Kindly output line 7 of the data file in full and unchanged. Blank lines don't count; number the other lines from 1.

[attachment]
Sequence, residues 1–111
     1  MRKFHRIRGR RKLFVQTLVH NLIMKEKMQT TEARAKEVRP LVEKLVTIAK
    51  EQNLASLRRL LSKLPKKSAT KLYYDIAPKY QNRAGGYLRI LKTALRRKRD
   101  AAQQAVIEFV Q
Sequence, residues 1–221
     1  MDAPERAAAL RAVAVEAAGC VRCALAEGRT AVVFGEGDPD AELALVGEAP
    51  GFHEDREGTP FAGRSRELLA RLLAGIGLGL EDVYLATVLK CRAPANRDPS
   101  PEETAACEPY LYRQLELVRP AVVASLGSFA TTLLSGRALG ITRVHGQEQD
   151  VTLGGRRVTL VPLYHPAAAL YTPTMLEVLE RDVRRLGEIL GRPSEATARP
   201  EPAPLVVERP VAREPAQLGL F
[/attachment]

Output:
    51  GFHEDREGTP FAGRSRELLA RLLAGIGLGL EDVYLATVLK CRAPANRDPS